Section 50 reinforces the position that transfer of land situated in India by a person, who is not a citizen of India, would visit with penalty. Indeed, inserting such a provision does not mean that the 1973 Act is a penal statute, but is to provide for penal consequence for contravention of provisions, such as Section 31 of the 1973 Act.
Section 63 of the 1973 Act empowers the court trying a contravention under Section 56 which includes one under Section 51 of the 1973 Act, to confiscate the currency, security or any other money or property in respect of which the contravention has taken place. The expression “property” in Section 63, takes within its sweep immovable property referred to in Section 31 of the 1973 Act.
Effect of reading Section 31 with Sections 47, 50 and 63
“The requirement specified in Section 31 is mandatory and, therefore, contract or agreement including the gift pertaining to transfer of immovable property of a foreign national without previous general or special permission of the RBI, would be unenforceable in law.”
From the analysis of Section 31 of the 1973 Act and upon conjoint reading with Sections 47, 50 and 63 of the same Act, we must hold that the requirement of taking “previous” permission of the RBI before executing the sale deed or gift deed is the quintessence; and failure to do so must render the transfer unenforceable in law.
“The dispensation under Section 31 mandates “previous” or “prior” permission of the RBI before the transfer takes effect. For, the RBI is competent to refuse to grant permission in a given case. The sale or gift could be given effect and taken forward only after such permission is accorded by the RBI. There is no possibility of ex post facto permission being granted by the RBI under Section 31 of the 1973 Act.”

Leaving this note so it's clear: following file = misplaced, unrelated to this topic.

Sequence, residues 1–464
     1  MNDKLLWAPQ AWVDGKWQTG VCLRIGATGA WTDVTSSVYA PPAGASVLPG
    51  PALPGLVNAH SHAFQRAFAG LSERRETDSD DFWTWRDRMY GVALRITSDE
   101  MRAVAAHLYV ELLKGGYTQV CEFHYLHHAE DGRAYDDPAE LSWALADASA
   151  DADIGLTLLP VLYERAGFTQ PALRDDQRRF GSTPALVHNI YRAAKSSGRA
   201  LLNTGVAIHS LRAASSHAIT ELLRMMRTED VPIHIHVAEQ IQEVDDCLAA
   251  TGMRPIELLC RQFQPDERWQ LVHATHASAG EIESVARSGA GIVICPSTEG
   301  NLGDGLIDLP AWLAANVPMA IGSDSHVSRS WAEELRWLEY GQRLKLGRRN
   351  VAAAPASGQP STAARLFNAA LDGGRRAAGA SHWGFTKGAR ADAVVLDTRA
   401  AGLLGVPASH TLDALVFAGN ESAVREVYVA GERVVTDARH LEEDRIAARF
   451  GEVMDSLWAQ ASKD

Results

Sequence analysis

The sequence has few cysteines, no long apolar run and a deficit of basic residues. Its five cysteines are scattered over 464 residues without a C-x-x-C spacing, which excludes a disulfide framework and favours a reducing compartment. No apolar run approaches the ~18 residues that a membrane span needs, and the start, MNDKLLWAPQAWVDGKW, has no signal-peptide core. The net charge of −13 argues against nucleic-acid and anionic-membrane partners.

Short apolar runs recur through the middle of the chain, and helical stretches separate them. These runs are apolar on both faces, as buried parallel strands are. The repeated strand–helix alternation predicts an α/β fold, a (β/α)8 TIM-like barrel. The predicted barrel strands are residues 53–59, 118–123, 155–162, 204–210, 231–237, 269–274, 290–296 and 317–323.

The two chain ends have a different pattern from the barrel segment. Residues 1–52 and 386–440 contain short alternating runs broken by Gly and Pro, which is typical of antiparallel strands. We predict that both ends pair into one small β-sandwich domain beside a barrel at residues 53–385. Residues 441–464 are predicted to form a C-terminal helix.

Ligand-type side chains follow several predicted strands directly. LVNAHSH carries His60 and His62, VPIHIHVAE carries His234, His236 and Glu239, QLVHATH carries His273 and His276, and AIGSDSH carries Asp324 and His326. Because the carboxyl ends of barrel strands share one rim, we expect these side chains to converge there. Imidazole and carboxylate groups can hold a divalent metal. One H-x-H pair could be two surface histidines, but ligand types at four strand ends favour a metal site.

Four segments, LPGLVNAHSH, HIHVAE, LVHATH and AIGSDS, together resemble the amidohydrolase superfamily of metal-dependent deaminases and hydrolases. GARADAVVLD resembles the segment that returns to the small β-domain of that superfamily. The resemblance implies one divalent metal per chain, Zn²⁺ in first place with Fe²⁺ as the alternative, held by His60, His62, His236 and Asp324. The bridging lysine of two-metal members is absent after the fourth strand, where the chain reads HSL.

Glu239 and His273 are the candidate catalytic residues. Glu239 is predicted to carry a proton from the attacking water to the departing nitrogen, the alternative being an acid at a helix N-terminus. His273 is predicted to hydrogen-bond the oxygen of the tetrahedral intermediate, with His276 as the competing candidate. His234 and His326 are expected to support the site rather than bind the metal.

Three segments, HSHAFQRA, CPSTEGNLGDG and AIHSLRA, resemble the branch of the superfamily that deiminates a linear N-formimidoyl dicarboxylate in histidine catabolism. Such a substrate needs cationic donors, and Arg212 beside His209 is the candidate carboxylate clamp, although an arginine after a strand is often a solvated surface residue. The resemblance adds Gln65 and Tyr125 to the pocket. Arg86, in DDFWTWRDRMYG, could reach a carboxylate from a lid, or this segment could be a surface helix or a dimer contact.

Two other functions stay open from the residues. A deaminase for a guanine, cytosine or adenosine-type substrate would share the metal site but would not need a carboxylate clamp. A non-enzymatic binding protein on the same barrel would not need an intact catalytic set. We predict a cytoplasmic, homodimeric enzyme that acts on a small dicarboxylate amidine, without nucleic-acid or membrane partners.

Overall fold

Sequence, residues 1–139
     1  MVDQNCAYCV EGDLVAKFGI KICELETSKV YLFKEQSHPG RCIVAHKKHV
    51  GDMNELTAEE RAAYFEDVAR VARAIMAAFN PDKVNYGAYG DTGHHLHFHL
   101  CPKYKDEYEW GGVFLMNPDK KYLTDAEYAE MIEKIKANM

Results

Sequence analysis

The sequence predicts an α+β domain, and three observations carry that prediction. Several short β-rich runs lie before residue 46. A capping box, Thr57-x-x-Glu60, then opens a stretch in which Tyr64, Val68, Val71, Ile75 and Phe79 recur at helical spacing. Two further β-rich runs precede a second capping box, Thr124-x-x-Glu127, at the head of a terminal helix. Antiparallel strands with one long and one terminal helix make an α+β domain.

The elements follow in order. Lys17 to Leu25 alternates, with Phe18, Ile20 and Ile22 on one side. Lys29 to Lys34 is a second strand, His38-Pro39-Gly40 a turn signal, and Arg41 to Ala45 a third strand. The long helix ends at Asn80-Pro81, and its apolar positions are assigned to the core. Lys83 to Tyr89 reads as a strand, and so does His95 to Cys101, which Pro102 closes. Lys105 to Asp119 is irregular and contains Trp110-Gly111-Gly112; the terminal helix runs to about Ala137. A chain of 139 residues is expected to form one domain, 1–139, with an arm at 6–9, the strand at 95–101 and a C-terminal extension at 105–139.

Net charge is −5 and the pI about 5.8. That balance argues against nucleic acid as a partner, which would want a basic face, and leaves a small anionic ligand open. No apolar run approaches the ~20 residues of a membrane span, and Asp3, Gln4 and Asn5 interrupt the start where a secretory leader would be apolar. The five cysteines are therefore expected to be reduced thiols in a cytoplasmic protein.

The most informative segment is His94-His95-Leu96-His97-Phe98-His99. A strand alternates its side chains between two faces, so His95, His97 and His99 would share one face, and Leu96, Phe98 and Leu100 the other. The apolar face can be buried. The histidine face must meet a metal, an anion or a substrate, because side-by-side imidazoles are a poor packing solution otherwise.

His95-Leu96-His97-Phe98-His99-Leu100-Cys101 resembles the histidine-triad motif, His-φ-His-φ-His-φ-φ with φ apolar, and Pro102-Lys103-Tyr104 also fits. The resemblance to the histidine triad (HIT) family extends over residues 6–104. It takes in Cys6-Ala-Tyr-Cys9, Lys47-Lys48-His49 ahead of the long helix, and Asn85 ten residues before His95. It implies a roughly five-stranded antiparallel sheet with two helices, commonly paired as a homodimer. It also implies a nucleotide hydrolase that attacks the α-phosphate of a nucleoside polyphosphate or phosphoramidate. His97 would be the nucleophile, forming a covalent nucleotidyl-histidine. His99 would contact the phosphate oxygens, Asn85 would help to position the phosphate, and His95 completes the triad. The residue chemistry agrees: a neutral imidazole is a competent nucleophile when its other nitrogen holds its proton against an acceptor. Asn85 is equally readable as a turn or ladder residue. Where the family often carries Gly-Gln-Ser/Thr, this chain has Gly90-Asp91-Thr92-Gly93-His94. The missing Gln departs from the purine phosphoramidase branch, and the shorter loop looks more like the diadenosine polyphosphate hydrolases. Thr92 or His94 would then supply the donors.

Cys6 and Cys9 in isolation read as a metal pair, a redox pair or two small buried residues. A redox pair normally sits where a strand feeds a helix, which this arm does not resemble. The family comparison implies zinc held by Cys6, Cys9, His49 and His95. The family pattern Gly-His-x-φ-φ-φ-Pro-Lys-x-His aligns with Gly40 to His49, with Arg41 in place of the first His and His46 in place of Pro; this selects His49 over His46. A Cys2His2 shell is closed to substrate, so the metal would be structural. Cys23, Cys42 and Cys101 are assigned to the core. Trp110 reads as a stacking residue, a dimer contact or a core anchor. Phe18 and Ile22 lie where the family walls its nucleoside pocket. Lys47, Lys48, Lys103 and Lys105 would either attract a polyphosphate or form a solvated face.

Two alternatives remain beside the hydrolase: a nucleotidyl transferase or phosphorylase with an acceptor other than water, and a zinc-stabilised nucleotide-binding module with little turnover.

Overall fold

Before grant of such permission, if the sale deed or gift deed is challenged by a person affected by the same directly or indirectly and the court declares it to be invalid, despite the document being registered, no clear title would pass on to the recipient or beneficiary under such deed. The clear title would pass on and the deed can be given effect to only if permission is accorded by the RBI under Section 31 of the 1973 Act to such transaction.
“Merely because no provision in the Act makes the transaction void or says that no title in the property passes to the purchaser in case there is contravention of the provisions of Section 31, will be of no avail. That does not validate the transfer referred to in Section 31, which is not backed by “previous” permission of the RBI.”
In light of the general policy that foreigners should not be permitted/allowed to deal with real estate in India; the peremptory condition of seeking previous permission of the RBI before engaging in transactions specified in Section 31 of the 1973 Act and the consequences of penalty in case of contravention, the transfer of immovable property situated in India by a person, who is not a citizen of India, without previous permission of the RBI must be regarded as unenforceable and by implication a prohibited act. That can be avoided by the RBI and also by anyone who is affected directly or indirectly by such a transaction. There is no reason to deny remedy to a person, who is directly or indirectly affected by such a transaction. He can set up challenge thereto by direct action or even by way of collateral or indirect challenge.
“In other words, until permission is accorded by the RBI, it would not be a lawful contract or agreement within the meaning of Section 10 read with Section 23 of the Contract Act. For, it remains a forbidden transaction unless permission is obtained from the RBI. The fact that the transaction can be taken forward after grant of permission by the RBI does not make the transaction any less forbidden at the time it is entered into. It would nevertheless be a case of transaction opposed to public policy and, thus, unlawful.”
[Asha John Divianathan v. Vikram Malhotra, CIVIL APPEAL NO. 9546 OF 2010, decided on 26.02.2021]
*Judgment by: Justice AM Khanwilkar
Appearances before the Court by:
For appellant: Advocate Navkesh Batra
For respondent: Senior Advocate C.A. Sundram